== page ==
The before refers to when you sit down with the child or the children or work with a class or are online with your students coming in at the same time, or if necessary, watching or recording later. You talked about synchronous and asynchronous. Synchronous at the same time runs much like the classroom whether you're distanced, whether you're sitting on the couch side by side, whether you're gathered on the carpet in the classroom. And that before means you're setting the stage. Think about a concert. Think about a play. Think about a movie. The lights go down, the music comes up, and that's what you're setting the stage for in a read aloud even before. Share your joy, share your reason for picking the book. Give them some choices about even reading straight through or stopping. Those can be interactive and engaging in any platform or environment. It's not about your control, it's about sharing the page.

Patty McGee:

How about during the read aloud?

Dr. Adria Klein:

Oh no, during has so many opportunities, I think we might overwork it like overworking dough when you're baking bread. We might want to read it all the way through for enjoyment. We have to think about the length of the piece, including chapter books. She does so many great read alouds, as, as has Wiley Blevins and Eileen Robinson on the Reycraft Read Alouds. And I think that you have to make decisions when to stop, when to pause, when to turn pages, when to let just the language flow over you. And that's a dance. It's like maybe a serve and return in tennis. There are pauses. There's that, just that hesitation. That can be thought about or it can be based on the reaction of the listeners: group, classroom, online. I just like so much to consider it music, movement. And I think that takes time. Anybody should share a story, and I'm a storyteller who repeats lines. When I'm reading aloud, I often will say, 'This is my favorite page, get ready 'cause I'm gonna read it to you twice.' And that's a before. So those are some tips for interaction and, again, sharing joy of literacy.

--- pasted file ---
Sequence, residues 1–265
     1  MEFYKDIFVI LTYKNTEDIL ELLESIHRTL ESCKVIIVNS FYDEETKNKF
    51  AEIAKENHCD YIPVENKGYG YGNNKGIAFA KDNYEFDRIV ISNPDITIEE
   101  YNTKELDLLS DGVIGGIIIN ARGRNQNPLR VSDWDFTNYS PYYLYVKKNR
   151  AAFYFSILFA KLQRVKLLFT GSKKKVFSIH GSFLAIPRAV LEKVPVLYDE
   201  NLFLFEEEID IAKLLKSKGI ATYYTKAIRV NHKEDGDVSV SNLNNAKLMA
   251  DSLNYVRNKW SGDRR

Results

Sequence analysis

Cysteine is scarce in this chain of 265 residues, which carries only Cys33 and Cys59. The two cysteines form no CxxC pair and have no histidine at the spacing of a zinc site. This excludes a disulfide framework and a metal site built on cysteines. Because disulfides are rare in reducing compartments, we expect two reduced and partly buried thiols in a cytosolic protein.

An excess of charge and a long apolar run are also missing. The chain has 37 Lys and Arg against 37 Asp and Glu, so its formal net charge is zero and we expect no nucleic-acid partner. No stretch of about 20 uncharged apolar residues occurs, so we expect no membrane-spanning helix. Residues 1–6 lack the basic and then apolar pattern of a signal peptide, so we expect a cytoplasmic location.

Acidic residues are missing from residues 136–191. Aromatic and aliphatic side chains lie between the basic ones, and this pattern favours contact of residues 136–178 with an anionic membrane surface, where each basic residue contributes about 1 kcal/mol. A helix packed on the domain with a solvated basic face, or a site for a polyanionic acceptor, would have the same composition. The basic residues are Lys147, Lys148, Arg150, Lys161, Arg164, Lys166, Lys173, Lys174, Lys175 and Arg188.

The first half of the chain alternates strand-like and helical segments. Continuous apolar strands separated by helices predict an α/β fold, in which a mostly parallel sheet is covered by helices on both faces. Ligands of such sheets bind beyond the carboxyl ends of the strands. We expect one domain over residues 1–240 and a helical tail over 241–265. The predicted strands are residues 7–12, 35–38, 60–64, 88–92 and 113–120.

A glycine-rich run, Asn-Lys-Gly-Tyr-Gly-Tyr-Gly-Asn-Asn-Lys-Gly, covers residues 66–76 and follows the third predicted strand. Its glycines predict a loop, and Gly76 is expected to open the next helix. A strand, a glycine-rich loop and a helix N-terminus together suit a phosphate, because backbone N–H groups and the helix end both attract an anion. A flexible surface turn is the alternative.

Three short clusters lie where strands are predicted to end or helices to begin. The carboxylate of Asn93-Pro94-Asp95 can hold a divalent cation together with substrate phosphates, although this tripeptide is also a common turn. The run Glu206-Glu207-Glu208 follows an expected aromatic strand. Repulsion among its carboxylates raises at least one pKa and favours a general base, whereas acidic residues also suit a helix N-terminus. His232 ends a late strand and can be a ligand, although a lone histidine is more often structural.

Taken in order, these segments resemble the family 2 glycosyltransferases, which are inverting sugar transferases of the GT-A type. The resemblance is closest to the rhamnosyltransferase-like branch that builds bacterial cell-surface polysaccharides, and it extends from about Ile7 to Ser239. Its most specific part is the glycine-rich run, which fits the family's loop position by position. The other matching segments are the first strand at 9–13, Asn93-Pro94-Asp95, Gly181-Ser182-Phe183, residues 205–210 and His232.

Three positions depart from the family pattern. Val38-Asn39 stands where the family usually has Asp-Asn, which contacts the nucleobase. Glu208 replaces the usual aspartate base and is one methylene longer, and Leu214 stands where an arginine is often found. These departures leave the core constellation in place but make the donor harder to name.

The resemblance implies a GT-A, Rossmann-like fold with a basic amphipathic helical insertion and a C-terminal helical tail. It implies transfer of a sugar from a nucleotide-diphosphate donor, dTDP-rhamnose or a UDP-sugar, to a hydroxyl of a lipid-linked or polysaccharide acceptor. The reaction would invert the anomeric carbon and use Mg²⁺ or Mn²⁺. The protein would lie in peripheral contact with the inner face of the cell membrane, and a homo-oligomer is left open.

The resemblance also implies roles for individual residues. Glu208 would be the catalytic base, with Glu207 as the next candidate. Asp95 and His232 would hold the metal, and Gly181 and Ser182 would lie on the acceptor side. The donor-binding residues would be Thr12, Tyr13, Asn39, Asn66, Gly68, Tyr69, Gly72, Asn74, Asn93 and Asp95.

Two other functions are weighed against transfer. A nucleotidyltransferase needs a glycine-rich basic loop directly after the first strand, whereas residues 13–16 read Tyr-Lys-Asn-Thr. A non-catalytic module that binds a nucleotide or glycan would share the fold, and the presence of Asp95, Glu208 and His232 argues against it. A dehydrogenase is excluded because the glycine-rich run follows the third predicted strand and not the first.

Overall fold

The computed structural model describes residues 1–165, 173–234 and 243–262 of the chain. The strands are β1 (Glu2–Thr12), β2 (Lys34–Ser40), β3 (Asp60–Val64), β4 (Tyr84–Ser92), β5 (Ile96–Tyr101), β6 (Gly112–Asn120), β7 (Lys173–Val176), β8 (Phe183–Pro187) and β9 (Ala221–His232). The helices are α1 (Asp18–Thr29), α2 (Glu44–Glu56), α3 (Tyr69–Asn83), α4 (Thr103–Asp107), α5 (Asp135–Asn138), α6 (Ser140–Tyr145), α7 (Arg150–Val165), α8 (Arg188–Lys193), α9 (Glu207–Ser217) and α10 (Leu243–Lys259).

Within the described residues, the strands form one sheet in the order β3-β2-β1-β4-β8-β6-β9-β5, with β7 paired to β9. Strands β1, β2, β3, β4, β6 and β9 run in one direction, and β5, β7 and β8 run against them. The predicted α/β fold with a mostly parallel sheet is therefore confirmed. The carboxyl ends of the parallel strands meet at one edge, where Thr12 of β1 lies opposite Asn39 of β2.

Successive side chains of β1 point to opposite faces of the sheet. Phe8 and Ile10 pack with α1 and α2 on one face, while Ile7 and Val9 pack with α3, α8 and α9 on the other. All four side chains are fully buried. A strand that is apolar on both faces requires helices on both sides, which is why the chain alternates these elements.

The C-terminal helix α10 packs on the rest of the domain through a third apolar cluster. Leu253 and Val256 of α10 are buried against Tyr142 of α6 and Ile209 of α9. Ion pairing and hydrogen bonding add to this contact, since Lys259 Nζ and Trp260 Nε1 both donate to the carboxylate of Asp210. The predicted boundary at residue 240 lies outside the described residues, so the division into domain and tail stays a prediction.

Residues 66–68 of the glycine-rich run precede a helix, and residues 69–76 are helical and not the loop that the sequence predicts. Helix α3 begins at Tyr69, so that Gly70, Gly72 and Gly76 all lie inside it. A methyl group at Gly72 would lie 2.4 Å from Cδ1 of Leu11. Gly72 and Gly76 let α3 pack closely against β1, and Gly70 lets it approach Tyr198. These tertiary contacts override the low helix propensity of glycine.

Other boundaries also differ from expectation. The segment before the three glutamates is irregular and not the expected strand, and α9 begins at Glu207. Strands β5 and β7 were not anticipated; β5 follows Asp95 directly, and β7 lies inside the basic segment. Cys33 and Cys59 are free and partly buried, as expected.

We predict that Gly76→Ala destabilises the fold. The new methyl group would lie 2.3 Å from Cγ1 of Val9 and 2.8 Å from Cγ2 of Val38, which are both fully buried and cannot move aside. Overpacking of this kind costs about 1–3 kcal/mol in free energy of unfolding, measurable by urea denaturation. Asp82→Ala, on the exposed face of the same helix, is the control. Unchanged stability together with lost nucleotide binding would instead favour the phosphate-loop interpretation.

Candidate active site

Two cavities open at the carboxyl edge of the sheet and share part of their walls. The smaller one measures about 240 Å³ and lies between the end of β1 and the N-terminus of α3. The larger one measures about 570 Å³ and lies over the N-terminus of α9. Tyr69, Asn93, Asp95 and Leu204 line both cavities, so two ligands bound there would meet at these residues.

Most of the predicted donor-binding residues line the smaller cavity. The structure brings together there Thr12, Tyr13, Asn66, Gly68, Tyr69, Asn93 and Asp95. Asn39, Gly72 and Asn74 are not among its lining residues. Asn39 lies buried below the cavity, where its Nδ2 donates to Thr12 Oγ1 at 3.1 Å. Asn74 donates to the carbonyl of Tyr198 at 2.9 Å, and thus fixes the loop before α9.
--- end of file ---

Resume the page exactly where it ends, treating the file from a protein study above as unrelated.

Patty McGee:

Maybe this happens to you also but sometimes when I do prep the book and I'm thinking about where I might want to stop, it's also kind of when it's happening, there's almost like a little bit of improvisation going on. Right? Like I had planned on that spot but it just doesn't feel right right now. Or I hadn't planned on that spot but it feels important to pause and talk, or pause and just let it settle in. So I think, you know, there's that go between, between the, the planning of what we're doing and then also like in the moments making those decisions.

Dr. Adria Klein:

I think you speak from experience Patty, 'cause I think you've given another great tip because we're watching the listener or seeing it through their eyes. That's what you just described. And your pre-plan notion might have to be flexibly adjusted. And I think the key word on any platform, one on one, on the couch, on your lap, regardless is flexibility.

Patty McGee:

And what, what do you do after, when it's done or a book is done?

Dr. Adria Klein:

You know, it's never done, number one, 'cause I've said to the students, the children, my own granddaughter, 'Would you like me to read it again?' That's a choice. And with a short book in particular, she often goes, 'Yes, please!' This is a human interaction. And if the child says, 'I'd like to hear it again right now', you can't ever read it again too many times. Have you ever listened to a song more than once?

Patty McGee:

Of course, right?

Dr. Adria Klein: